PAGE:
All drivers can use an adverse driving condition exemption and extend their driving limit by 2 hours, from 11 hours to 13 hours. However, the driver must not know about the adverse conditions before they start driving. For example, sudden fog or snow would be exempted, but forecasted snow or fog would not. If the driver could have known a road would be closed before they started out, because it was marked on the DOT website, it would not fall under the 2-hour exemption, but if a road were closed en route because of an accident, then it would be an exemption. Drivers and carriers should follow trip planning based on road and weather conditions.
The FMCSA, the President, or state governors can declare an emergency, which will temporarily suspend the HOS rules. Usually the emergency declarations concern the need to get supplies to areas declared disaster areas. Regulations spell out the type of materials and supplies that are covered by the emergency exemptions.
Interstate and Intrastate Rules
The HOS Rules and exemptions are complicated enough for interstate driving, so an ELD trucking device is needed to keep track of driver and carrier compliance. However, rules also differ within states, or driving intrastate. For example, in Texas, drivers are limited to 12-hour shifts following 8 hours out of service. They must be off duty following 15 consecutive hours of work. In addition, they are restricted to 70 hours worked or driven in any 7-day period. The 7-day periods restart after 34 or more hours off. Short-haul exemptions also apply.
Intrastate driving is driving within the same state. The state of California has decided to postpone the final rule for the ELD Mandate until December 31, 2020.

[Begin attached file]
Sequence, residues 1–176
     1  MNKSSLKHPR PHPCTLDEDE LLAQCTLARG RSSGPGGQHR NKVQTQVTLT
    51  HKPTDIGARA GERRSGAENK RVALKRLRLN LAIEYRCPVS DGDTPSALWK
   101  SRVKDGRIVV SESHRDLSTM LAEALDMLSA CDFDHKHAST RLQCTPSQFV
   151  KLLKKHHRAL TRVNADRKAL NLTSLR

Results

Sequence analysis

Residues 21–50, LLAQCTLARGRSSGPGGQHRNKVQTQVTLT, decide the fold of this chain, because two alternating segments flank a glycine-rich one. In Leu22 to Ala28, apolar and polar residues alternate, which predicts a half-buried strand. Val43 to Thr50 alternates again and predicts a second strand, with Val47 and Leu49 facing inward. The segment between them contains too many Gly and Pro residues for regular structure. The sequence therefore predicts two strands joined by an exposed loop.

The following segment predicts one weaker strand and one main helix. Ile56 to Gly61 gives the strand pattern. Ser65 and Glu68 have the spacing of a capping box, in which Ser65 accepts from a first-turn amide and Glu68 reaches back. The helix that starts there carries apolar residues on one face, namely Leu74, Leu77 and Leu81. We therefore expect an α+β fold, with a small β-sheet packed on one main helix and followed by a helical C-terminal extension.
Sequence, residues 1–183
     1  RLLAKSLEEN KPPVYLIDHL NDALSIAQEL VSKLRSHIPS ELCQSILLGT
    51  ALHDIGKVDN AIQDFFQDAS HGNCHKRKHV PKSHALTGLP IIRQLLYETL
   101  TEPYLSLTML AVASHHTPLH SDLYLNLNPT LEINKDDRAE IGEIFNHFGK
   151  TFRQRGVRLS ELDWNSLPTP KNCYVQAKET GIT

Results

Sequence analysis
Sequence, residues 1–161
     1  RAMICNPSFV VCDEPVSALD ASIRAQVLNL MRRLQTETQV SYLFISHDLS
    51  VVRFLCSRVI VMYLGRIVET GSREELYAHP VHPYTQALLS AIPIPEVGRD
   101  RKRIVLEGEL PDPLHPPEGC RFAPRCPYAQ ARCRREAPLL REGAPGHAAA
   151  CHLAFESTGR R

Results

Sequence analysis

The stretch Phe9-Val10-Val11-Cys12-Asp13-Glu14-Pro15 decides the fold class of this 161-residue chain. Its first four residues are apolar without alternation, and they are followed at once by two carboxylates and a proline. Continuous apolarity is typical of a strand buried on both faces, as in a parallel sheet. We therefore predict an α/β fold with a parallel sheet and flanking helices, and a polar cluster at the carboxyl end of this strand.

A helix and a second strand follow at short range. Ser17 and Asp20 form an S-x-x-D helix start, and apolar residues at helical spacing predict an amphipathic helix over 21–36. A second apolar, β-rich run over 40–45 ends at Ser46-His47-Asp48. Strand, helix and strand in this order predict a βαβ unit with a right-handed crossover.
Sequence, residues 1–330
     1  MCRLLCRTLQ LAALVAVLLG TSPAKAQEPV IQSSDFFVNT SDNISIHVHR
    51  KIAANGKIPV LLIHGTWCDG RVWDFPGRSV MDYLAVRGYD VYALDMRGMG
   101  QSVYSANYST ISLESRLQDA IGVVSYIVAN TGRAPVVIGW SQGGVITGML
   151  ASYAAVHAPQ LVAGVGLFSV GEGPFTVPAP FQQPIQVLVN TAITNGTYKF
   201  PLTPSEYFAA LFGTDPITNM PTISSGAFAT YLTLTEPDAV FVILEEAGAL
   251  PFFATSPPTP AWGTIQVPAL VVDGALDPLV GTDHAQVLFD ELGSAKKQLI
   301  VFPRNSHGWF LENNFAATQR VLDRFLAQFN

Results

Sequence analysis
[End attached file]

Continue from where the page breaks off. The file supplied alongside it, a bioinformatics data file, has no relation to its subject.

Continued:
Why HOS247 is a Good Choice
HOS247 provides high quality ELD trucking devices with top-rated support. Our support team members are knowledgeable about HOS compliance and operations, as well as troubleshooting problems on the road. We are able to assist customers in English, Spanish, Russian, and Polish. HOS247 provides training to drivers on how to connect ELD devices to trucks and how to use electronic logbooks in a compliant and efficient manner, making it so much easier for fleet managers to stay on top of safety regulations. HOS247 provides a seamless transition for drivers, owner-operators, and safety managers to comply with the ELD Mandate.
Who Must Comply With the FMCSA ELD Regulations? The Federal Motor Carrier Safety Administration (FMCSA) has established electronic log book (ELD) regulations in place to encourage a safer work environment for commercial motor vehicle (CMV) drivers and truck drivers. The